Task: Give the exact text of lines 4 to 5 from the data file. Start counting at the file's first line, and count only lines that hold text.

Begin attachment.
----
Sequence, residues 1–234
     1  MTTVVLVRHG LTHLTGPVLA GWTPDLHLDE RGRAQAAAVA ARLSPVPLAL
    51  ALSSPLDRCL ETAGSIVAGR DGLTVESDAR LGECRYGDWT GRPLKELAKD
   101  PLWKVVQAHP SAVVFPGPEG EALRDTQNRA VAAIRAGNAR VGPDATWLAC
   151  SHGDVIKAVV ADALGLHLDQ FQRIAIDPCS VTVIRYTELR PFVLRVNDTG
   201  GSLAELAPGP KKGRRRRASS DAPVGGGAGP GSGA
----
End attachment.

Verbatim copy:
   101  PLWKVVQAHP SAVVFPGPEG EALRDTQNRA VAAIRAGNAR VGPDATWLAC
   151  SHGDVIKAVV ADALGLHLDQ FQRIAIDPCS VTVIRYTELR PFVLRVNDTG